The U.S. Preventive Services Task Force (USPSTF) has released a final recommendation that promotes hepatitis B virus (HBV) screening for all asymptomatic, nonpregnant adolescents and adults who are at increased risk for infection, including individuals who were vaccinated before screening. This ratifies an earlier draft recommendation that was released in May 2020. Issued in 2009, the USPSTF recommendation for universal hepatitis B screening of pregnant women remains unchanged.

“The updated USPSTF screening recommendation reflects the stronger, yet still incomplete, evidence base supporting HBV screening in the United States,” Chelsea Q. Xu, MD, of the University of California, San Francisco, and coauthors wrote in an editorial accompanying the recommendation in JAMA. “It will take a coordinated effort among key stakeholders, including patients, health care professionals and public health policy makers, to move the needle on HBV screening and awareness.”

Some 862,000 people are living with chronic hepatitis B in the United States. People born in regions with a high prevalence of hepatitis B (2% of the population or higher) who are infected at birth make up around 95% of new diagnoses reported in the United States. Even unvaccinated individuals who are born in the United States to parents from nations with a high prevalence are considered to be at greater risk.

Other at-risk groups include people who inject drugs, men who have sex with men and people living with HIV as well as people who have sex with, share needles with or have household contact with people with chronic hepatitis B.

Hepatitis B often causes no symptoms until it leads to liver cirrhosis or liver cancer; as many as 60% of people are unaware that they carry the virus.

This update to the 2014 recommendation is based on a review of randomized clinical trials conducted between the last review and August 2019. The researchers analyzed 30 clinical trials and 20 cohort studies, including a total of 94,168 participants. While the 2014 recommendation advised hepatitis B screening for individuals at increased risk for infection, the recent update reinforces it with support from studies showing that antiviral therapy reduces the risk of adverse outcomes, and, in fact, leads to better health. Testing positive is the first step toward treatment, but there were no direct results comparing the pros and cons of screening versus no screening.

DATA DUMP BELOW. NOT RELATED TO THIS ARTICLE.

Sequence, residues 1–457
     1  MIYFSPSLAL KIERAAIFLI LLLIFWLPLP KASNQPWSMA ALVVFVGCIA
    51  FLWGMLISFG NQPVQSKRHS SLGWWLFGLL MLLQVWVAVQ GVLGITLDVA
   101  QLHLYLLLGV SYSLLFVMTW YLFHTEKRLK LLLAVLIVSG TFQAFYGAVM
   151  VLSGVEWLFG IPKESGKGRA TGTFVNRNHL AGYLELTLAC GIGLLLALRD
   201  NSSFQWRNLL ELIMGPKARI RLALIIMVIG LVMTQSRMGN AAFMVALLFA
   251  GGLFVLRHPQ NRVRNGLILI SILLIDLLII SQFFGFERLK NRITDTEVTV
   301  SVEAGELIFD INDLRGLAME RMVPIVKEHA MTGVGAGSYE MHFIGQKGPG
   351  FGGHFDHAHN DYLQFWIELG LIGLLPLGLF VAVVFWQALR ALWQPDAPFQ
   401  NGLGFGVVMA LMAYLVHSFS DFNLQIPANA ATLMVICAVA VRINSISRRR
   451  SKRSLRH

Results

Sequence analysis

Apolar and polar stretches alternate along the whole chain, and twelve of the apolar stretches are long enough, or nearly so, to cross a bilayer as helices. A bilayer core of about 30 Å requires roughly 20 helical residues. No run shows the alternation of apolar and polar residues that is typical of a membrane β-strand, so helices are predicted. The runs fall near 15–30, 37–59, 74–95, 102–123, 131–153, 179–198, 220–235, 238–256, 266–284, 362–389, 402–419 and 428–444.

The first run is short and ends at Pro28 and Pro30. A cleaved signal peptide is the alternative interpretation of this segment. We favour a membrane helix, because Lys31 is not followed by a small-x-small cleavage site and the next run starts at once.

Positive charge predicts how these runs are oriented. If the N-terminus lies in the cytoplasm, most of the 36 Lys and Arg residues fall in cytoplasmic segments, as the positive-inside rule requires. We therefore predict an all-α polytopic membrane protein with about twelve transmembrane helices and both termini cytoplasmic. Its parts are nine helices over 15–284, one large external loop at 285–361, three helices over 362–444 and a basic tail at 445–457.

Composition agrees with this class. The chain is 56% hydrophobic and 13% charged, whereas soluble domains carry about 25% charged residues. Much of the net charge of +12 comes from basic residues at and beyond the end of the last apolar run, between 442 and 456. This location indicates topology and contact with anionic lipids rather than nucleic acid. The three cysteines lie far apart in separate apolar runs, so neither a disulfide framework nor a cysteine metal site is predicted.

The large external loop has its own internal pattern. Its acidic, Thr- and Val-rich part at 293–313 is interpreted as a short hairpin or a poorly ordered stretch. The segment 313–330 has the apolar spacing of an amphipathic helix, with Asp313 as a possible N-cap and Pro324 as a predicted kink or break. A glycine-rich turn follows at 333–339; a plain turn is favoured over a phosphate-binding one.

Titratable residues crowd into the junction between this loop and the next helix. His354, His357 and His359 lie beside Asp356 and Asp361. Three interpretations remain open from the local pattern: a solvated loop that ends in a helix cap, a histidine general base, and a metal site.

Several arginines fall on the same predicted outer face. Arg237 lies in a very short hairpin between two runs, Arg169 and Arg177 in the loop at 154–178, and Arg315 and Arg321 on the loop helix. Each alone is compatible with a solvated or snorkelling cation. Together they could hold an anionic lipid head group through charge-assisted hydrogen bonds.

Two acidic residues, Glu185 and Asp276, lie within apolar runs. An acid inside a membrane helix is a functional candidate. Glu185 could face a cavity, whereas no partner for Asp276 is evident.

“Several groups who are also at increased risk of infection or who could benefit from having their infection diagnosed should also be added to the list,” wrote Jessica Hwang, MD, MPH, of The University of Texas MD Anderson Cancer Center in Houston, and Anna Lok, MD, of the University of Michigan Medical School in Ann Arbor, in a second editorial. “These include persons with chronic liver disease and those with cancer or other conditions requiring immunosuppressive therapy.”

Risk-based screening can be difficult to carry out due to the number of risk factors being considered and the confidential aspect of some risks, including sexual identity and illegal drug use. “This recommendation is disappointing and a disservice to public health and patient needs in hepatitis B,” Camilla Graham, MD, assistant professor of medicine at Harvard Medical School, told Healio. “It advocates a failed strategy of risk-based testing.”

Such risk-driven testing can be time intensive and may not be cost effective, suggest Hwang and Lok. “It may soon be time to move to universal HBV screening for the general U.S. population, particularly if new therapies in development are found to be more effective in achieving sustained clearance of HBsAg, an indicator of functional HBV cure,” they wrote. Further, identifying individuals with chronic HBV infection can help keep their contacts—and society—safe through vaccination.

With “moderate certainty,” the USPSTF judged that hepatitis B screening for nonpregnant adolescents and adults at higher risk for infection has a “moderate net benefit,” deemed a Grade B recommendation. According to Hwang and Lok, “making this a B recommendation

ensures that insurance companies will continue to cover HBV screening without requiring a co-pay.”

Amid the COVID-19 pandemic, vaccinations and testing have dropped off, even as the opioid epidemic has worsened. “Based on the findings—a lot of which are anecdotally reported—at the start of the COVID-19 pandemic, there was initially a steep decline in in-person events, including community-based education and screening programs and closures of viral hepatitis testing and vaccination facilities,” Rita Kuwahara, MD, a member of the American Association for the Study of Liver Diseases’ National Public Policy Committee, said during a presentation at the U.S. Conference on HIV/AIDS. Even with the COVID-19 vaccine and the rebooting of these services, the effects of these declines in screening and awareness programs will be felt for a long time.

The three-dose hepatitis B vaccination is recommended for all infants starting at birth, but only one fourth of the adult population in the United States has been vaccinated. Therefore, it is imperative that primary care providers order hepatitis B vaccines as they do for other commonly administered vaccines, such as for influenza, said Kuwahara. This is particularly important for subgroups with lower vaccination rates.

“We must increase provider awareness, commit to widespread testing and reconsider the public health benefits of recommending universal adult hepatitis B vaccination over risk-based vaccination in the same way that we already recommend universal childhood hepatitis B vaccination so that we can definitively end transmission of hepatitis B in the United States,” she added.

Click here to read the USPSTF recommendation for hepatitis B screening

Click here to read the USPSTF Evidence Report for the 2020 recommendations

Click here to learn more about hepatitis B.